MCMAP tests recruits' toughness, character
By Lance Cpl. Dorian Gardner
| | September 30, 2005
MARINE CORPS RECRUIT DEPOT SAN DIEGO, Calif. --
Before combat comes combat training. Aboard the depot, drill instructors give recruits a course integrated with the rest of recruit training that teaches recruits about close-hand combat.
The Marine Corps Martial Arts Program is exactly that - a program that compiles different techniques with different weapons, including the M-16 A2 service rifle with a bayonet. There is also a weapons of opportunity class.
The program was introduced into the Marine Corps and became a part of recruit training in early 2000. According to Sgt. Sergio Esquivel, Instructional Training Company close combat drill instructor, the program is proficient.
"Because it is basic motor skills, it is something the Marines can remember," said Esquivel. "The program also takes into consideration the gear we will be wearing in combat. Even under the physical and mental stress of combat, Marines can remember the moves."
From the basic warrior stance to the angles of movement to leg sweeps and chokes, safety is always taken into consideration. ITC instructors observe training to make sure recruits execute the moves using the proper techniques and safety precautions.
"Safety always depends on what the event is," said Staff Sgt. John Johnson, ITC drill instructor. "We take into consideration the type of ground if we are doing break-falls, to mouth pieces, helmets and flak vests. There is always a corpsman and a safety vehicle standing by."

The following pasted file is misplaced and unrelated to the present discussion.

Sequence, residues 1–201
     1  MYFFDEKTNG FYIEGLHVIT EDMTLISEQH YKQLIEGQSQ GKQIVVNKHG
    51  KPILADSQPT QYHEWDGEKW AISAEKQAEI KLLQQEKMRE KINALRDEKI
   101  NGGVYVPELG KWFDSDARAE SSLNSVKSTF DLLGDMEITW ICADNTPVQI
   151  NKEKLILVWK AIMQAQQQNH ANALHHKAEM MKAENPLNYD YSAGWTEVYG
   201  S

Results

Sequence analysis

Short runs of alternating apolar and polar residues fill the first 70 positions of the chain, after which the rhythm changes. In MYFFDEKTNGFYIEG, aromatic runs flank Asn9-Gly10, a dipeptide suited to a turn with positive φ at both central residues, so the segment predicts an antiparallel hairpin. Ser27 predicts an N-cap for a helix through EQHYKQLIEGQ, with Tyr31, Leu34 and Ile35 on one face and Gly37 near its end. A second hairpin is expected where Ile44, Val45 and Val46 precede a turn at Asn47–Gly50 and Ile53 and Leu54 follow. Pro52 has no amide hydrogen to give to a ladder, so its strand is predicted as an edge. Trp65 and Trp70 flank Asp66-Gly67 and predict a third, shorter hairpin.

In order to receive a tan belt, recruits must meet the minimum requirements of 27.5 hours in MCMAP training. To facilitate the process of obtaining their belts, the hours are augmented into other parts of recruit training.
On the obstacle course, recruits run a number of different low and high obstacles. While waiting to move onto the next obstacle, recruits practice pad drills to help retain moves.
During the third phase of boot camp, recruits are tested on their knowledge of the program. For three hours, a series of recruits will go through different stations to demonstrate the proper techniques. Passing the MCMAP test is a graduation requirement.
"(Its purpose is) to sustain recruit training," according to Esquivel. "MCMAP does not only teach close combat, but develops mental character and physical discipline."
Once recruits graduate with their tan belts, they will be able to train for higher-level belts. The gray belt follows the tan belt, but Marines will not be able to proceed higher than a gray belt until they become noncommissioned officers.